The present disclosure also introduces a method that includes providing a first zone through which a first central fluid passage permits fluid flow therethrough during operation and is operably connected to a fluid inlet; axially reciprocating a second zone having a second central fluid passage and operably connected to a tubular in a direction along the tubular, and concurrently rotating the second zone in association with at least the tubular, and disposing a third zone having a third central fluid passage between the first and second zones to provide fluid communication between the first and second central passages, wherein the third zone has a portion that is constrained to rotational motion where it is adjacent to an opposing portion of the first zone, wherein the third zone cooperates with the axially reciprocating and concurrently rotating second zone. In some aspects, the method further includes operably connecting a conduit to the central fluid passage and the second and third central fluid passages. In other aspects, the method further includes rotating the second central fluid passage simultaneously with the second zone. In a further aspect, the second zone reciprocates substantially perpendicularly to a surface into or from which the tubular may be transferred. In another further aspect, the second zone reciprocates towards the first zone when a top drive engages a tubular. In some aspects, the method further includes sealing a portion of the conduit and a quill that is operably connected to the tubular to inhibit fluid from leaking. In a further aspect, the reciprocating of the at least second zone eliminates an amount of radial friction at least on the portion of the third zone adjacent to the opposing portion of the first zone. In another aspect, the method further includes simultaneously rotating at least the tubular, the second zone, and the second central fluid passage. In a further aspect, a pressure applied to a plurality of threads at an end of the tubular is reduced when a quill is connected between the second zone and the tubular. In another aspect, the method further includes a bearing zone to facilitate rotation of the third zone.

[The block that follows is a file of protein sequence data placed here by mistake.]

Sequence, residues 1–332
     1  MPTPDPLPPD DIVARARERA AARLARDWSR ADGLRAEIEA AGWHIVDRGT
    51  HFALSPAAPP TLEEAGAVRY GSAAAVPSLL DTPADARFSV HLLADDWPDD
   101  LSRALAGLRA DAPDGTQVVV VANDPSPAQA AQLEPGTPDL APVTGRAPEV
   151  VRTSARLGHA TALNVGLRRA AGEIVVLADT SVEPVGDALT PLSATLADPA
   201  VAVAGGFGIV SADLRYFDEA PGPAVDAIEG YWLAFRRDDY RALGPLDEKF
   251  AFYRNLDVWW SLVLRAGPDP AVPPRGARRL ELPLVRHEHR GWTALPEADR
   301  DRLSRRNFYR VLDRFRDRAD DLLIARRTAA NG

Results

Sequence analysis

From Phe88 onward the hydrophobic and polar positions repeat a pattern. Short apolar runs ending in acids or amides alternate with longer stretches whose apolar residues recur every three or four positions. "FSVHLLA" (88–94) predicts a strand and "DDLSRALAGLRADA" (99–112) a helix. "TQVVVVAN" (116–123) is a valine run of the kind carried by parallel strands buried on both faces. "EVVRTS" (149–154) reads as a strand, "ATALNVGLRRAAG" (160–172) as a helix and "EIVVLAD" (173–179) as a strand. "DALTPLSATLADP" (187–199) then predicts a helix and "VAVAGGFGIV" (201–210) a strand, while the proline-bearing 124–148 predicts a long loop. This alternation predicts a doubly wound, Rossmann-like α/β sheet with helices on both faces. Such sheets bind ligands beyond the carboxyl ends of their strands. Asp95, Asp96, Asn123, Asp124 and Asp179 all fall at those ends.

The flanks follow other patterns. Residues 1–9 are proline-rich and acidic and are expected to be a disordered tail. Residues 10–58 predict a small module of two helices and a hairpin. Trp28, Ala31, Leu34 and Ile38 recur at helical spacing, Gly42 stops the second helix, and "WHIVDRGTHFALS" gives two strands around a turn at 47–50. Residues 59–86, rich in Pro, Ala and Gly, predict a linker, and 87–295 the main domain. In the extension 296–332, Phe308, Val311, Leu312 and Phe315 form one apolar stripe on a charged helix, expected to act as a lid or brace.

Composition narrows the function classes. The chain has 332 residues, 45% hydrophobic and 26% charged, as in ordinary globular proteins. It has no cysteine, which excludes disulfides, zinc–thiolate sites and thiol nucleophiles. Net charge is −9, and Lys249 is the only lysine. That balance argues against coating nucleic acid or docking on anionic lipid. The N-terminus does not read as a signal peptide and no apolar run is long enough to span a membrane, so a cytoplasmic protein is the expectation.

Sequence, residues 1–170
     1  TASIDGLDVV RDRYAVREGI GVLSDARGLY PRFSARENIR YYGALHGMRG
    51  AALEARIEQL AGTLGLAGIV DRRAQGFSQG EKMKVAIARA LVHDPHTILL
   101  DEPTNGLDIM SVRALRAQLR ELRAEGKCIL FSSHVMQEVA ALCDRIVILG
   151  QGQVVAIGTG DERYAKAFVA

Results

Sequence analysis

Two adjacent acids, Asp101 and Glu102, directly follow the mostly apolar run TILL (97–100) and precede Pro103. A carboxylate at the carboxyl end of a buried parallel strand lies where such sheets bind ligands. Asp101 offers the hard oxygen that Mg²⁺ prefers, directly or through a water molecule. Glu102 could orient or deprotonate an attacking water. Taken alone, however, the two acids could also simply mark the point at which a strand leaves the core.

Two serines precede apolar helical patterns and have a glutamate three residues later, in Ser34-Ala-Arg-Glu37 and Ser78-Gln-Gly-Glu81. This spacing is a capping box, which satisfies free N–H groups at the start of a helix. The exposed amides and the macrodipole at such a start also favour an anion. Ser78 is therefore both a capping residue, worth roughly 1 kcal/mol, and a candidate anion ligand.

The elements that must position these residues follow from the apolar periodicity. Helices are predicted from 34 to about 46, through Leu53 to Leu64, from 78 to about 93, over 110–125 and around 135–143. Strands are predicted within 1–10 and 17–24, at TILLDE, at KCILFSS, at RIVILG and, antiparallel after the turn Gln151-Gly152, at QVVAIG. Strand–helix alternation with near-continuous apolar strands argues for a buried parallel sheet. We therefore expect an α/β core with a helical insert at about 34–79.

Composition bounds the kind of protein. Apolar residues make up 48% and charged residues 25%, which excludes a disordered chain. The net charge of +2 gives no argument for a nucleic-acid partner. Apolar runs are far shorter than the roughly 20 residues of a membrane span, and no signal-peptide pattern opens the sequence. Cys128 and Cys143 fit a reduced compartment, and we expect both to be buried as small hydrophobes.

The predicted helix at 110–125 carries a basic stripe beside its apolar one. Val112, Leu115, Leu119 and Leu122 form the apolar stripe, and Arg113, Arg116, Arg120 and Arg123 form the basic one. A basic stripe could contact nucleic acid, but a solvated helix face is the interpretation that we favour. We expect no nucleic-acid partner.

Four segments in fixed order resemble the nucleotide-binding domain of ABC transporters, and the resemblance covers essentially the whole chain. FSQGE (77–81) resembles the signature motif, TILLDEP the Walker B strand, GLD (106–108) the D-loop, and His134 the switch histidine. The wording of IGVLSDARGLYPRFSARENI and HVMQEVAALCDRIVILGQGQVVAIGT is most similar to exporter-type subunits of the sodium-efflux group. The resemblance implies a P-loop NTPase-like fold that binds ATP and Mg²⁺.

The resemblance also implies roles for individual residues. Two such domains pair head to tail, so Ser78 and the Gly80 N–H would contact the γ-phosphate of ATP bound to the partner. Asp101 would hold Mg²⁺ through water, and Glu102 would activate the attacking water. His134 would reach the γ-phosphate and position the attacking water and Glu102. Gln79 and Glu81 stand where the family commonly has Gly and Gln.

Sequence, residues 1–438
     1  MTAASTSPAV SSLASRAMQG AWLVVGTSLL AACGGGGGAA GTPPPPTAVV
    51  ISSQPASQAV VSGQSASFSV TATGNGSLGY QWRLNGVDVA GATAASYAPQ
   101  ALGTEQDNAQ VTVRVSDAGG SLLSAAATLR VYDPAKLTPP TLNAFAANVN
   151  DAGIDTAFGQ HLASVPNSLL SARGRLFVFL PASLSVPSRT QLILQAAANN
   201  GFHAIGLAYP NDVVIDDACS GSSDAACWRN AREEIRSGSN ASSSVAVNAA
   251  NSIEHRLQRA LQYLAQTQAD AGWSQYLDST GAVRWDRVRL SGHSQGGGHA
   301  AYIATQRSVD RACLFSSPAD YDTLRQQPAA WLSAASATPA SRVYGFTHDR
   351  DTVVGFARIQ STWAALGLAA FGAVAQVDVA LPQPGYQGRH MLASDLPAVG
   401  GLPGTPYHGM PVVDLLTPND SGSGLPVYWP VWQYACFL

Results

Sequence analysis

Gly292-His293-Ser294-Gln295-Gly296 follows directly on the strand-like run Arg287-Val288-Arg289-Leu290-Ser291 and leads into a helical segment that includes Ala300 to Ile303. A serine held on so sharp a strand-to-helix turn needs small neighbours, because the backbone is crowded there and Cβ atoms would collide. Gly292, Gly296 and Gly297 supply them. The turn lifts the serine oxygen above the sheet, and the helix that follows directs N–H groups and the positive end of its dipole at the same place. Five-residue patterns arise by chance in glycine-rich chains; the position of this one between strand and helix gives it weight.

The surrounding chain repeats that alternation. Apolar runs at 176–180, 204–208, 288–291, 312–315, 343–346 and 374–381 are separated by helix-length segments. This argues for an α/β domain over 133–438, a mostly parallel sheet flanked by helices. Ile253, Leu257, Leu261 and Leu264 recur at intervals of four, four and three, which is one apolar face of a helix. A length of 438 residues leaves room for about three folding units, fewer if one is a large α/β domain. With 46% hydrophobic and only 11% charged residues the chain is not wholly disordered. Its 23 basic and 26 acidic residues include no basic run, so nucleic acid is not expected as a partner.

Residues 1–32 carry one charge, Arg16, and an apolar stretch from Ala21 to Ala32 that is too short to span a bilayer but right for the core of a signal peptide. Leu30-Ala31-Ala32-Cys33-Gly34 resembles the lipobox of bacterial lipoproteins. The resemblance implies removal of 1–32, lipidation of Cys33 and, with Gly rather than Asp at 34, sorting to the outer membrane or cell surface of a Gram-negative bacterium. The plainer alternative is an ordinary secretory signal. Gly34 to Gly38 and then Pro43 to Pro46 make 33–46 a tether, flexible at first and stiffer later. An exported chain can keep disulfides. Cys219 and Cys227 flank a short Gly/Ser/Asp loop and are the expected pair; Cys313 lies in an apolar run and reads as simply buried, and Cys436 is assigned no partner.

The foregoing outlines features of several embodiments so that a person of ordinary skill in the art may better understand the aspects of the present disclosure. Such features may be replaced by any one of numerous equivalent alternatives, only some of which are disclosed herein. One of ordinary skill in the art should appreciate that they may readily use the present disclosure as a basis for designing or modifying other processes and structures for carrying out the same purposes and/or achieving the same advantages of the embodiments introduced herein. One of ordinary skill in the art should also realize that such equivalent constructions do not depart from the spirit and scope of the present disclosure, and that they may make various changes, substitutions and alterations herein without departing from the spirit and scope of the present disclosure.

The Abstract at the end of this disclosure is provided to comply with 37 C.F.R. §1.72(b) to allow the reader to quickly ascertain the nature of the technical disclosure. It is submitted with the understanding that it will not be used to interpret or limit the scope or meaning of the claims.

Moreover, it is the express intention of the applicant not to invoke 226 U.S.C. §112, paragraph 6 for any limitations of any of the claims herein, except for those in which the claim expressly uses the word “means” together with an associated function.

Claims (23)

What is claimed is:
1. An apparatus, comprising:
a stationary section having a first central fluid passage;
a rotating and reciprocating section rotationally coupled to the stationary section to inhibit the ingress and egress of drilling fluid while permitting relative rotation between the stationary section and the rotating and reciprocating section, the rotating and reciprocating section comprising:
a conduit having a second central fluid passage in fluid communication with the first central fluid passage, and
a reciprocating portion reciprocatably sealed to the conduit to inhibit the ingress and egress of the drilling fluid while permitting relative reciprocation; and